Philippine Eagle/ Pithecophaga jefferyi:
Credit to: Richard Lewis; The Peregrine Fund (http://www.peregrinefund.org/PhilEgle.html)
Size:The Philippine eagle, a relatively large bird, is approximately 1m (100cm) in height and has a wingspan of 2m (200 cm).
Weight: The Philippine eagle weighs about 6.5 kg.
Distribution: The Philippine eagle is only found in the rainforests of the Philippines, along steep mountain sides. It is very scarce on Luzon, Mindanao, Samar and Leyte.
Appearance: The adult eagle has generally dark brown dorsal feathers with a fluffy white chest.
Its bill bluish and feet yellow, and with a beak that is arched, massive and laterally compressed.
The wings are broad but relatively short to enhance its maneuverability in the forest. Along with a long tail and powerful legs, the eagle's features makes it highly adapted to foraging. In flight the wings are broad and rounded and the tail long.
Behaviour: The Philippine eagle usually nests in large trees on natural platforms approximately 30m off the ground. Few of their nesting sights discovered during the last decade have been located within steep, forested valleys or ravines.
Diet: The Philippine eagle feeds on small tree-dwelling species that is most abundant. Its diet include mostly flying lemurs, some squirrels, snakes, civet cats, hornbills, and occasionally bats and monkeys.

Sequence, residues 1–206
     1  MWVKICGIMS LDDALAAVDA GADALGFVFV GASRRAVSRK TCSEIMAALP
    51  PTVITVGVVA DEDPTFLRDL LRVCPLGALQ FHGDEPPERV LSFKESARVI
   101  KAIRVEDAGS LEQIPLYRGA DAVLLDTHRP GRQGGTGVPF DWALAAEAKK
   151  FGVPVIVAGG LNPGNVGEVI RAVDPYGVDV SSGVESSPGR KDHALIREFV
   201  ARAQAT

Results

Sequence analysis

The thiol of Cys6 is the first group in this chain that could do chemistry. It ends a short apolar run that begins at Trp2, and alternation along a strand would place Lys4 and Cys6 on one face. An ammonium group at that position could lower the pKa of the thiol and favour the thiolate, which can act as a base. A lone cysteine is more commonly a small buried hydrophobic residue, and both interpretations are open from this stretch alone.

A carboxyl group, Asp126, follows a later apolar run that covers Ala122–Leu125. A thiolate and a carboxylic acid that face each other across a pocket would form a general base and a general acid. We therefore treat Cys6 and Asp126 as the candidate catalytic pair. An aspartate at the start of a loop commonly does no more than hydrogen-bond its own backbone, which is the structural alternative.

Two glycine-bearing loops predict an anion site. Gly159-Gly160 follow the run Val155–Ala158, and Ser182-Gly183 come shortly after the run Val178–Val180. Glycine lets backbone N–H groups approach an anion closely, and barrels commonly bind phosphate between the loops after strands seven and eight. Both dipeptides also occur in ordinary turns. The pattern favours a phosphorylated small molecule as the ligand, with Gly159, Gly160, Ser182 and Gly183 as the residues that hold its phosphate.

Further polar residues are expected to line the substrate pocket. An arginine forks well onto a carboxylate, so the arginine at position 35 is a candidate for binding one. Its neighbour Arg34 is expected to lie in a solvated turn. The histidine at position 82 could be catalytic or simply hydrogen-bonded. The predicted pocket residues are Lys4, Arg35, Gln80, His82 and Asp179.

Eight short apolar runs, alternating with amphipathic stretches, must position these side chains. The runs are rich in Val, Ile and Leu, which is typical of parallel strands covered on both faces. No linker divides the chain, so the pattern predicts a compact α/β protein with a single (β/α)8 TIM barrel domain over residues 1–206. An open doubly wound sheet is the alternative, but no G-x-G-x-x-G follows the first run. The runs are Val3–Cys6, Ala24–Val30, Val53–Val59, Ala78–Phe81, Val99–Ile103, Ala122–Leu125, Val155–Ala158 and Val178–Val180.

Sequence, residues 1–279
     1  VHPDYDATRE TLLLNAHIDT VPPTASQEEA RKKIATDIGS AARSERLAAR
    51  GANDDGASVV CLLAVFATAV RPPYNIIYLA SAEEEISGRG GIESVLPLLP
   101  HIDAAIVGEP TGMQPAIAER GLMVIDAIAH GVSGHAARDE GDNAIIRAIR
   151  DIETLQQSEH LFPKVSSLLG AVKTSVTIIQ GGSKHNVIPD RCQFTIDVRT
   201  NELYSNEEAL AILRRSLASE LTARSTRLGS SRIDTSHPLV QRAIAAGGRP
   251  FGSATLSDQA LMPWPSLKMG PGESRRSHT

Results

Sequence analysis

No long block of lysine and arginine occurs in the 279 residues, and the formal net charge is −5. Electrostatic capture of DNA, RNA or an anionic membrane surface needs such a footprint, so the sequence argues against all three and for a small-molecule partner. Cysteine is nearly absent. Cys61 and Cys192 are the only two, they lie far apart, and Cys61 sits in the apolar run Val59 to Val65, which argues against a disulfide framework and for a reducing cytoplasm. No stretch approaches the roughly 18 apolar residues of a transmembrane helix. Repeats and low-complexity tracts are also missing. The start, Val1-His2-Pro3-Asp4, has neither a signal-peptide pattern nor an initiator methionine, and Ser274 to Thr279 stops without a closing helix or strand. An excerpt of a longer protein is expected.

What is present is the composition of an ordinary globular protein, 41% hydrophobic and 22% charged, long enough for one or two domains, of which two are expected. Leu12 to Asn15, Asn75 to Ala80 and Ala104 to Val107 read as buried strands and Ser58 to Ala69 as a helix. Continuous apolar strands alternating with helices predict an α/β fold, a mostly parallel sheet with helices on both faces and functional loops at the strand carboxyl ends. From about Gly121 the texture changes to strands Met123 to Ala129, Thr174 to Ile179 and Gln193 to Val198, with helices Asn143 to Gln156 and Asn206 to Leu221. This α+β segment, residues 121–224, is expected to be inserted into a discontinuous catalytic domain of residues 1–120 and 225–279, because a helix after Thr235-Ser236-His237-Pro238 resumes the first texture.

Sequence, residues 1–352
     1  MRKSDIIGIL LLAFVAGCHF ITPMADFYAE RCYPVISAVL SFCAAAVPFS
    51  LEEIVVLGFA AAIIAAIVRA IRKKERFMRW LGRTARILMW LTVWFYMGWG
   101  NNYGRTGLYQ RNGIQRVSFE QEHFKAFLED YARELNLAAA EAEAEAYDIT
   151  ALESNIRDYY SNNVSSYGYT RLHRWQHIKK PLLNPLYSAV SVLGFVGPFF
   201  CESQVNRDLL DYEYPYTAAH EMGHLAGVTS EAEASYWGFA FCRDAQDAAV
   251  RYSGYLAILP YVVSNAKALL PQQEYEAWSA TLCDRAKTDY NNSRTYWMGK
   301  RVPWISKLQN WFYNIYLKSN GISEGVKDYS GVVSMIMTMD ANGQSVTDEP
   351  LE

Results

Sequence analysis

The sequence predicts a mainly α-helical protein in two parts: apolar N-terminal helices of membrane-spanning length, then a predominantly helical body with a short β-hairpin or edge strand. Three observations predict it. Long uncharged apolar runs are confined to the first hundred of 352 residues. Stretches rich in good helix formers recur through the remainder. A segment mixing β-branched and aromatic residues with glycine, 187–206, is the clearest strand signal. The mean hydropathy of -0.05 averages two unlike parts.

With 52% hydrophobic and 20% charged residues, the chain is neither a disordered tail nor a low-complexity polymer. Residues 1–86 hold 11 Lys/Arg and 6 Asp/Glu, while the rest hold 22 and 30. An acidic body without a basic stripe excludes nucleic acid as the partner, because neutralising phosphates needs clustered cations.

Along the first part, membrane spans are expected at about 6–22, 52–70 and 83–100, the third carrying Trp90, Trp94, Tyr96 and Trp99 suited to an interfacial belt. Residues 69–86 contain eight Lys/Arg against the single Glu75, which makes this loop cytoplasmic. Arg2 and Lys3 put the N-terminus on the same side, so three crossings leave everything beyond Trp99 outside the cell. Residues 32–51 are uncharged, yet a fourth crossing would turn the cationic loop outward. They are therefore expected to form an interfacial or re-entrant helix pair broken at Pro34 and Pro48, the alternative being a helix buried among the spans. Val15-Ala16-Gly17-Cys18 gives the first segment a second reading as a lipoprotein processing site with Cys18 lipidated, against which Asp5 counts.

Studies have also shown that the animal is an opportunistic hunter.
Lifespan: The Philippine eagle is known to live about 30 to 60 years.
Reproduction: The reproduction cycle of the Philippine eagle is one of the reasons why the eagle is so rare.
A pair of Philippine eagles may soar in the area of the nest before breeding. In addition, the same nest high up in a forest tree is used over successive years and is usually lined up with green leaves.
A single egg is incubated, mostly by the female, for about 60 days; and throughout the breeding cycle, the male delivers food until assisted by the female in the later half of the 105-day nestling period. The young ,that resemble the adults with sexes thatare similar, only try to catch their own prey four or five months after leaving the nest and, with such a prolonged cycle, successful breeding may only occur in alternate years.
Why is it Endangered?? There are two main reasons for their status today. The first being the loss of habitat, the second being the wildlife trade.
Since the start of the century, the forests which are the eagle’s natural habitat, have been degraded, significantly reduced the population of eagles still in existence. With the absence of suitable nesting places the eagle has failed to breed effectively bringing their numbers to alarming levels.
In Philippines, the animal is captured for sale as pets and specimen and this has also contributed to its decline. Because of the eagle's dedication to rearing its young, nesting eagles have been particularly vulnerable to poaching because parent eagles will always return to the nest for as long as it still cares for its offspring.
Conservation: There are only about between 100 - 300 Philippine eagles left in the wild today.